Total Loss

Are you dealing with a total loss claim? You don't have to lose money!

 

 

 

 

 

 

Where do auto insurers get their vehicle values?

Auto insurers do not expect total loss claimants to know of the North Carolina total loss rule (11 NCAC 04 .0418) which is to protect the total loss claimant(s).  Auto insurers know this and they do take advantage of total loss claimant’s lack of knowledge of how vehicle values are obtained.

Auto insurers use companies such as CCC ONE®, Mitchell and Audatex who work exclusively on behalf of insurance companies. Of the three, CCC ONE® report is the most popular one used followed by Mitchell, then Audatex.

So, what is a CCC ONE® Mitchell and Audatex report? It’s simply a market valuation that is used by insurance company to help adjusters get claims settled. You don’t have to accept the amount that CCC ONE® or Mitchell and Audatex say your vehicle is worth!

See which auto insurers are being sued on under-valuing total loss vehicles.

                                                                                         Local Market Area

The local market area 100 miles to increments of 50 miles until a substantially similar motor vehicle can be found.

 

The similar vehicle values found in the local market will be vary as to how the similar vehicle is equipped as per trim type options (example S - SE- SEL) along with any other additional options that may need added along mileage adjustments. Rather than the using the dealer’s “retail cost” as require by the “total loss rule” all three vehicle valuation reports uses a “base price” vs. the dealers “retail cost.”

 

Since each vehicle is not exactly alike, it’s my experience to increase a total loss vehicle value from $1,500 to as much as $9,000 against all three vehicle valuation reports. In order for me to do this, I search carfax.com and truecar.com because both show if any of the similar vehicle(s) have been in a prior accident. Once two or three accident free similar vehicles having the same trim type are found, I buy the window sticker ($15.00 each) of each vehicle (claimant’s too unless claimant provides window sticker) to see how each similar vehicle is equipped. Then it is simply adding or deducting to the value of the substantially similar vehicles found along with mileage adjustments to obtain a more accurate value. By this method there is no guessing in what to add or deduct, however it does time (hours) to do such work.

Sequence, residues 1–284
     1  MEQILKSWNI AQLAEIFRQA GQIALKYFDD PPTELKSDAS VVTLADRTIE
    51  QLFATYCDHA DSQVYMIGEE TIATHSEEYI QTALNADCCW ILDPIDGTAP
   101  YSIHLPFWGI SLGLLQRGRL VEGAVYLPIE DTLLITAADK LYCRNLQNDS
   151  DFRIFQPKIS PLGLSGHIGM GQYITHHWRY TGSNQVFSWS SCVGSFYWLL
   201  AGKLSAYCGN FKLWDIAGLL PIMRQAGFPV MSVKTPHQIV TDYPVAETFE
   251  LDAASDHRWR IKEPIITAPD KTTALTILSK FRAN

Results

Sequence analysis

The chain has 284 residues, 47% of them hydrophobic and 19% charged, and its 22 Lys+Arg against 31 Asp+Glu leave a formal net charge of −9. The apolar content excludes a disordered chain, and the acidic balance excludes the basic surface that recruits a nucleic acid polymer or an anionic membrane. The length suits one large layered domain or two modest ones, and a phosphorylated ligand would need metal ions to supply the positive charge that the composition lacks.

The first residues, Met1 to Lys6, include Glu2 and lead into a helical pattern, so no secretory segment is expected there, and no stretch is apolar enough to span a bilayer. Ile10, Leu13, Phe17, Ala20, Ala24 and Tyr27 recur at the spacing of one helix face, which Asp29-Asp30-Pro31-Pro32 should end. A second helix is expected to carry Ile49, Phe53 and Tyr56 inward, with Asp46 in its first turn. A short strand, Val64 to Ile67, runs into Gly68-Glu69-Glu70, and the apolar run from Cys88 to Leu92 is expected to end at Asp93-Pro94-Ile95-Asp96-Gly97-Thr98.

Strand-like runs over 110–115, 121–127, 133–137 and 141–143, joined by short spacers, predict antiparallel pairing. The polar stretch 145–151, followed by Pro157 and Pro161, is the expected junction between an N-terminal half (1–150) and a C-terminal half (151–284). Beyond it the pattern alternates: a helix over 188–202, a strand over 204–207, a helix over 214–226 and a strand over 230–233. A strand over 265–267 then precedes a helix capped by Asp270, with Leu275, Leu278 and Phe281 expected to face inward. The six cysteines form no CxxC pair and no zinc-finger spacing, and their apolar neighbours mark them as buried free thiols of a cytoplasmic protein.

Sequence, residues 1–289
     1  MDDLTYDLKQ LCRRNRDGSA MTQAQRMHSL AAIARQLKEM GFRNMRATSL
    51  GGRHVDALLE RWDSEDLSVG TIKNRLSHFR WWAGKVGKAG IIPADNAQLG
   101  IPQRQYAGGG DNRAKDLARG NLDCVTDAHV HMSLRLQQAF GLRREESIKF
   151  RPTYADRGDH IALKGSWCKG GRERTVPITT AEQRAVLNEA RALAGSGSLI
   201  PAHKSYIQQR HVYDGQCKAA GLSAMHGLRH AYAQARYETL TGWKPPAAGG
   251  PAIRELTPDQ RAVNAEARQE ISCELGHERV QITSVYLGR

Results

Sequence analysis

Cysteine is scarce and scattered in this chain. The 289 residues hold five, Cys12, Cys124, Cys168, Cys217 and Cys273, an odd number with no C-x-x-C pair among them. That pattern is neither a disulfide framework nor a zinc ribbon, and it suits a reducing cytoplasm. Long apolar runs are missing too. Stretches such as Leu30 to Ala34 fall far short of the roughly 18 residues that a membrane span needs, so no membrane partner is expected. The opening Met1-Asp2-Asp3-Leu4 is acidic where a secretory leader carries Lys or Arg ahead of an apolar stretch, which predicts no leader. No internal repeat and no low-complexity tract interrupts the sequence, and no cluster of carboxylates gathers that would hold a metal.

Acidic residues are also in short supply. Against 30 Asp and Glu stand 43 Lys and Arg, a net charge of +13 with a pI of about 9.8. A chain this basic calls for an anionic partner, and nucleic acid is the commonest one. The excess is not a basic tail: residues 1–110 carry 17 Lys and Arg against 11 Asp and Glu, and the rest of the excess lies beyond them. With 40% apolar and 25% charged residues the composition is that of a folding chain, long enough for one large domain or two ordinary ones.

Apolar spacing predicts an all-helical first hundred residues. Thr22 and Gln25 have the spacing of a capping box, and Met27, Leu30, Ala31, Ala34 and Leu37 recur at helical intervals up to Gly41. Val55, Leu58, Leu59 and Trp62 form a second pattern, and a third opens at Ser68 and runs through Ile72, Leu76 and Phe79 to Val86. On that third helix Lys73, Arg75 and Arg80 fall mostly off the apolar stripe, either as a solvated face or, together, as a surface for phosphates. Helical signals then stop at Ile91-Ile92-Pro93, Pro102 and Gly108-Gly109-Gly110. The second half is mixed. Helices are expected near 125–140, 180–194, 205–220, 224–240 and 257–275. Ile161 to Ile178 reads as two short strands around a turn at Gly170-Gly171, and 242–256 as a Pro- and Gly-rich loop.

Danny Wyatt owner of Collision Service Investigators-N.C can help you maximize the amount of your insurance total loss settlement. So don't wait call 704-216-0081 now.  

North Carolina Total Loss Rule (11 NCAC 04 .0418)

 

The rule states “ If the insurance company and the claimant are unable to reach an agreement as to the actual cash value of the total loss motor vehicle, the settlement offer shall be based upon the following values:

(1) The published regional average values (NADA) of substantially similar motor vehicles; and

 

(2) "Local Market Area" means an area within a 100-mile radius of the place where the motor vehicle is principally garaged. If a substantially similar motor vehicle is unavailable within a 100-mile radius, the insurance company may increase the radius in increments of 50 miles until a substantially similar motor vehicle can be found.

(4) "Substantially Similar Motor Vehicle" means a motor vehicle of the same make, model, and year of the damaged motor vehicle.

(d) If the insurance company and the claimant are unable to reach an agreement as to the actual cash value of the
total loss motor vehicle, the settlement offer shall be based upon the following values:

(d 2) The retail cost of two or more substantially similar motor vehicles in the local market area when substantially similar motor vehicles are available or were available within 90 days of the accident to consumers in the local market area.

(e) The settlement offer may be adjusted for condition, options, equipment, and mileage, less the cost of unrepaired damage that pre-existed the accident.

g) The insurance company shall give consideration to evidence presented by the claimant such as receipts, photographs, or other documentation that the total loss motor vehicle owned by him or her was in a better condition prior to the accident than suggested by the insurer's settlement offer.

 

 

 

 

Shannon Ward Google 8/23/2022

I’m leery of businesses with only 5-star reviews, but this time, I believe them! Danny walked me through a process that had become very frustrating with the insurance company. I paid him $375, and he negotiated over $3000 more for my totaled car. It was some of the best money I’ve spent! I highly recommend Danny to anyone whose feeling taken advantage of by auto insurance adjusters!Debbie W

 Debbie W BBB 08/17/2022

Danny did a phenomenal job assisting us with our total loss claim. He was extremely thorough and his hard work is what got us substantially more than what the insurance company was originally wanting to pay for our vehicle. Thank you Danny!!